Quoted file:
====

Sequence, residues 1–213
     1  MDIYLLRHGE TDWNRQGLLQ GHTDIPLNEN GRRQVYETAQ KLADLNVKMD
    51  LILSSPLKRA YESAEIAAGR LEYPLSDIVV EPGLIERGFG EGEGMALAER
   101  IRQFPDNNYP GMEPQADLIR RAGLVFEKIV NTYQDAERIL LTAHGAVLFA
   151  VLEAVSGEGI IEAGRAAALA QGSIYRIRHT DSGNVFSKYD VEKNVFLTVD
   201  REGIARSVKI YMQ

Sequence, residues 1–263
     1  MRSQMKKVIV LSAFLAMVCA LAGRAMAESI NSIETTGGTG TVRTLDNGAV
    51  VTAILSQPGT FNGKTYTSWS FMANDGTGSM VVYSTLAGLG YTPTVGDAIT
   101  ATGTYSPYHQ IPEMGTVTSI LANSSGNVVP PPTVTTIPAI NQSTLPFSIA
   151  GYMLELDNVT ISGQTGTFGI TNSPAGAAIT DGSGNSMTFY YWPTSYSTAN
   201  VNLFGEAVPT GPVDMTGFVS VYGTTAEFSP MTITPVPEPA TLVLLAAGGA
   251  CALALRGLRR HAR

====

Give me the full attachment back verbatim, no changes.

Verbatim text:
Sequence, residues 1–213
     1  MDIYLLRHGE TDWNRQGLLQ GHTDIPLNEN GRRQVYETAQ KLADLNVKMD
    51  LILSSPLKRA YESAEIAAGR LEYPLSDIVV EPGLIERGFG EGEGMALAER
   101  IRQFPDNNYP GMEPQADLIR RAGLVFEKIV NTYQDAERIL LTAHGAVLFA
   151  VLEAVSGEGI IEAGRAAALA QGSIYRIRHT DSGNVFSKYD VEKNVFLTVD
   201  REGIARSVKI YMQ

Sequence, residues 1–263
     1  MRSQMKKVIV LSAFLAMVCA LAGRAMAESI NSIETTGGTG TVRTLDNGAV
    51  VTAILSQPGT FNGKTYTSWS FMANDGTGSM VVYSTLAGLG YTPTVGDAIT
   101  ATGTYSPYHQ IPEMGTVTSI LANSSGNVVP PPTVTTIPAI NQSTLPFSIA
   151  GYMLELDNVT ISGQTGTFGI TNSPAGAAIT DGSGNSMTFY YWPTSYSTAN
   201  VNLFGEAVPT GPVDMTGFVS VYGTTAEFSP MTITPVPEPA TLVLLAAGGA
   251  CALALRGLRR HAR